Corporate governance: trends in Mexico

In Mexico, corporate governance best practices have been part of the business environment for the last 20 years. Since 1999, following the OECD Principles (which in turn used the recommendations of the Cadbury Report to varying degrees), the first voluntary Mexican Best Corporate Practices Code (CMPC), issued by the Mexican Business Co-ordinator Council was published. However, the compliance of CMPC is only mandatory for listed companies pursuant to the General Provisions Applicable to Issuers of the Securities Market.

Corporate governance matters’ regulation and operational rules regarding companies in general (other than those listed on the Stock Exchange and depending on their specific nature), are governed by: (i) the General Law of Business Companies (LGSM) and (ii) the Securities Market Law (LMV).

In recent years, Mexican multinational companies, non-profit organisations and private family-owned entities have made significant efforts to introduce strong focus on governance and reaching stability, although there is still a long way to go compared to the leading countries in the world.

Mexico, as an emerging market, lacks strong corporate governance practices mainly due to: (i) centralised ownership; (ii) business cartelisation; (iii) insufficient regulation on accounting requirements; (iv) information transparency; and (v) a relatively limited number of securities market transactions.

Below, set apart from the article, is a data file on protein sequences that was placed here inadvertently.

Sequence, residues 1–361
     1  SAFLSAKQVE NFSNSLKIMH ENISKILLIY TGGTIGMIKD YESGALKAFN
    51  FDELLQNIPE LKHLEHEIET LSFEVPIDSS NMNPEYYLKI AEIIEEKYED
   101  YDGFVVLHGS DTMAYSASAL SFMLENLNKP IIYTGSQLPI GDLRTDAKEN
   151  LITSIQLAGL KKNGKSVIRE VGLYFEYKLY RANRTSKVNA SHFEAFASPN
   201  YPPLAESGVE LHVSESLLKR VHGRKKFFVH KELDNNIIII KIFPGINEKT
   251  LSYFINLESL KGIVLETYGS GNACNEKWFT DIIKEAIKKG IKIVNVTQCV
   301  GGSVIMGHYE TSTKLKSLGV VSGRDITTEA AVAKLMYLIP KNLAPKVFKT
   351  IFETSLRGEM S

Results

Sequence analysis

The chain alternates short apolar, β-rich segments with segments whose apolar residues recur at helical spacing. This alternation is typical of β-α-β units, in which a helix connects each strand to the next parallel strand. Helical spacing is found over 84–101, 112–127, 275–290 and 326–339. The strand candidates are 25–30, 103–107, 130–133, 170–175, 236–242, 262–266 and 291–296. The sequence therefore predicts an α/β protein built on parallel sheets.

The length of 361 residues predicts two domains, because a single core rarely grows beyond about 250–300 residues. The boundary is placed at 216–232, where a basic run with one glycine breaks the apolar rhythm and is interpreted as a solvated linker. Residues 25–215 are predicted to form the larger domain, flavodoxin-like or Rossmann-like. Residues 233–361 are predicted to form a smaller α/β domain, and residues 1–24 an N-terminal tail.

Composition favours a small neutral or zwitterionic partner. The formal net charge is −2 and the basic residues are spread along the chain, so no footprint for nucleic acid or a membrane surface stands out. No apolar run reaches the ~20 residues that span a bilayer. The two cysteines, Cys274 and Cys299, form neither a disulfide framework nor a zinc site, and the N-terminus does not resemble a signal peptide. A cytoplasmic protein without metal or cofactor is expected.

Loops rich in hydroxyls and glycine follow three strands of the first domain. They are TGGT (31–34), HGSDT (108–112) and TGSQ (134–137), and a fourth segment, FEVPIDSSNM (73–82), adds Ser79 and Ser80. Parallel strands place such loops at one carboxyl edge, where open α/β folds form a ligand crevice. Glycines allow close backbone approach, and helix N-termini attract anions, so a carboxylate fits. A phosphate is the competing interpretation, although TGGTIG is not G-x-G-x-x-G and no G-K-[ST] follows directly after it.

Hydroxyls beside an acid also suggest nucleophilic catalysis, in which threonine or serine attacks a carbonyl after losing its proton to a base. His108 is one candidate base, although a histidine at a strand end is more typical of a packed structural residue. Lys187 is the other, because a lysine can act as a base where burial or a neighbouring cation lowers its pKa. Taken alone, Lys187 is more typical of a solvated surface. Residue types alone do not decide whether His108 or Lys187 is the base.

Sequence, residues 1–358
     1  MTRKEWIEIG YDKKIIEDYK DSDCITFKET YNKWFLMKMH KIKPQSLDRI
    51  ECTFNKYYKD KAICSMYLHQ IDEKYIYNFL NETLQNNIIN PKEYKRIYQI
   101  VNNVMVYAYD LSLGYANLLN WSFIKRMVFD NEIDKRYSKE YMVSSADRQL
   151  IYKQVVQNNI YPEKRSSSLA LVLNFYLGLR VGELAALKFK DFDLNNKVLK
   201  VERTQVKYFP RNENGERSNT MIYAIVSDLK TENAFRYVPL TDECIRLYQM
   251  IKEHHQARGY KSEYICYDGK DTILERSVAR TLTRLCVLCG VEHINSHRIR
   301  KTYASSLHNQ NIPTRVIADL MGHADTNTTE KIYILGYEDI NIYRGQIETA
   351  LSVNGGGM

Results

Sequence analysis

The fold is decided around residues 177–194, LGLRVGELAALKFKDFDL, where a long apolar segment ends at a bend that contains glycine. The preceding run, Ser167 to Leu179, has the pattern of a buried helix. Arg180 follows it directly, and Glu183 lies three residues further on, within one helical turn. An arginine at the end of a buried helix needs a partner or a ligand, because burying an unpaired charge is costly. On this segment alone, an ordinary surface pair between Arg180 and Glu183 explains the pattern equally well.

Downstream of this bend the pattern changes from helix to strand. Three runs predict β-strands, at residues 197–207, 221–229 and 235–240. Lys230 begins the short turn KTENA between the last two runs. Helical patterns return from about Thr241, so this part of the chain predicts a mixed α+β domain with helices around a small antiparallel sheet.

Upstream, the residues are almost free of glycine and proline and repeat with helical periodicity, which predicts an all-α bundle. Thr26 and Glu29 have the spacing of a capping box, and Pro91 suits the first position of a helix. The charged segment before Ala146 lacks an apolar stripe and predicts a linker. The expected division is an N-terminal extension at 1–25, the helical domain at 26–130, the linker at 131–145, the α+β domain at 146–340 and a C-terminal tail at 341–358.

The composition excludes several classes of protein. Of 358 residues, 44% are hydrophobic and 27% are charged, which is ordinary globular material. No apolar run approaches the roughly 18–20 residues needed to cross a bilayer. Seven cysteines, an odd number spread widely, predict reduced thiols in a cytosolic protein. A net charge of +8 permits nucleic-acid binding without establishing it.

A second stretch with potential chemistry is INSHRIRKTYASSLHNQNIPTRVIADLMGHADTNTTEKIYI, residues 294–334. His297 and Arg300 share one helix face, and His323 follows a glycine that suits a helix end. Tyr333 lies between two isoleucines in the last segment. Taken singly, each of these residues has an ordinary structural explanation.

By analysing the structure and corporate governance regime of several Mexican multinational companies through the six main corporate governance aspects (ie, average number of directors, independent membership, average age, educational background, corporate structure and investor voting rights), it is possible to get a better understanding on the matter as of this date.

Average number of directors

Board conformation is a wide interest area for investors, due to its strong relationship to shareholder representation and the strategic role they play in the company. To become an agile and efficient board, shareholders have to consider the company’s size and maturity to define the right number of directors. On average, there are 12 directors on Mexican boards, compared to an average of 14 in Germany. However, some of Germany´s biggest companies only have seven directors on their boards, which shows that board composition can vary depending on the relevant company’s specific needs and principal-agent relationships.

Independent membership

Independent board members are known for assisting companies to avoid conflicts of interest and incentivise a better decision-making policy by contributing an external and a unbiased opinion. Even though the LMV requires a minimum of 25% independent directors in public companies, these corporations have almost 50% of independent directors in their boards. However, in countries such as Finland, Denmark and Germany, the percentage is approximately 80%.

Directors’ average age

In Mexico, a directors’ average age is 59, while the average age of the chairman is 58. CEOs’ average age is around 50 years old.